- I think your focus should always be on yourself, being the best that you can be. Your competition shows your flaws, your weakness. I'm into beating my opponents, not crushing them. Without competition, you don’t know how people are looking to beat you. So you welcome that. But if you’re committed to excellence, it’s not about one game, you have to be there all the time. You’re never at the end, you’re always "becoming."
On Loving To Win Or Hating To Lose:
- Both! I would say for me, the thought of losing is a bigger motivator than the thought of winning. But the hatred of losing causes you to prepare to win. Everybody wants to win, not everybody wants to prepare to win. You have to love the process of preparing to achieve that goal of winning. People who are less talented can beat you if they are more together, tougher and more unselfish.
On Coaching Egos:
- People always ask “How do you get these big egos together?” If you have a good common cause--to play for your country, your school and win for that -- that’s a pretty good common cause. We always try to get people to make a commitment to being part of something that is bigger than themselves.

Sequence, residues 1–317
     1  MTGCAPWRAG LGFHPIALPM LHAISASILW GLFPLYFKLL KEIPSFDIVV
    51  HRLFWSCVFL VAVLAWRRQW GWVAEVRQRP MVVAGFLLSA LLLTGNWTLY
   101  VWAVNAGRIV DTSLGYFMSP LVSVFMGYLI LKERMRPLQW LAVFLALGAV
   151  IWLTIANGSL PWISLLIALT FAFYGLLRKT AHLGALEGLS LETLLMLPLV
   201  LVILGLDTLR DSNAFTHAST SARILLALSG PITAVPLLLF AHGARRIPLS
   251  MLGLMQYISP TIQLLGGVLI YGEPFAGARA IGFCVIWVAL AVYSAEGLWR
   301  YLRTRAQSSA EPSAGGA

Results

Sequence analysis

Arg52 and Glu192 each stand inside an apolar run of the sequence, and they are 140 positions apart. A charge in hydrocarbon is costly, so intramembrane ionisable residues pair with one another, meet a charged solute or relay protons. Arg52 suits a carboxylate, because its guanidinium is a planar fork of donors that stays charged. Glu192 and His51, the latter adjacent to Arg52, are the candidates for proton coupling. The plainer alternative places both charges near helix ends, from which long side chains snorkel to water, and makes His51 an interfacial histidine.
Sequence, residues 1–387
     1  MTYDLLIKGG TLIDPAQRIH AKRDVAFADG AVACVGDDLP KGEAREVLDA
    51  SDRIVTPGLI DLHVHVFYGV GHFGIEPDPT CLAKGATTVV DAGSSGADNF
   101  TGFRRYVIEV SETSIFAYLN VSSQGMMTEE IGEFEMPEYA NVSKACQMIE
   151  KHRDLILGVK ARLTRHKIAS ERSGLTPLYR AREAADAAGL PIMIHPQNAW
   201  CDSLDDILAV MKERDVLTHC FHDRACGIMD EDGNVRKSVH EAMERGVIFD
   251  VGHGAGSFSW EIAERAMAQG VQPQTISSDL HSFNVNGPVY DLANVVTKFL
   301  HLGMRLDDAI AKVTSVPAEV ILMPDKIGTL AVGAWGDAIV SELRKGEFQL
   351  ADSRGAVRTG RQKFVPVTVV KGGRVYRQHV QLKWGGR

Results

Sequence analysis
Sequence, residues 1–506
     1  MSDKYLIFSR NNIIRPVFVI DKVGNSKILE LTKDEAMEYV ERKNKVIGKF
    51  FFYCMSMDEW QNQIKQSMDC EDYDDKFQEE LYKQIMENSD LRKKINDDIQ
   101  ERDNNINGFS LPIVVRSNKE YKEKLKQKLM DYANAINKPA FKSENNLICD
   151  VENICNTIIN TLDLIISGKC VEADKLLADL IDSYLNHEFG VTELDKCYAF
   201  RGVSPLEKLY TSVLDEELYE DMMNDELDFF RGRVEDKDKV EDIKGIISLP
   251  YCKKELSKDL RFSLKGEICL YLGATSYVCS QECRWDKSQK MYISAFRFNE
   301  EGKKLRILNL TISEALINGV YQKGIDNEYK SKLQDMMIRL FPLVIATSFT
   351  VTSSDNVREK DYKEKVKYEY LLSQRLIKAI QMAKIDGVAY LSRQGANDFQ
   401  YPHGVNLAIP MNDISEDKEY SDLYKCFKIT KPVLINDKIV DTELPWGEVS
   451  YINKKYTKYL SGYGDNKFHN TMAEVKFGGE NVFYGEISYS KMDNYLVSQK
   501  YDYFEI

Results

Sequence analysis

- When I’m coaching the young guys in college, they pretty much have to adapt to me. The lessons I’ve learned in adapting to the pro players have been unbelievable. How you train, how they are able to be successful in certain situations. I’ve learned more in the past 10 years from these guys than I knew before.
--Adapted from entrepreneur.com
Coach Yourself: A Motivational Guide For Coaches And Leaders
About This Book
Coach Yourself is a unique book, compiled exclusively for coaches to provide you with physical, mental and spiritual motivation throughout the season. In his follow-up to A Season In Words, veteran coach Dan Spainhour arms you with quotes and motivational ideas to help you achieve peace of mind throughout the season from how to stay motivated to handling critics.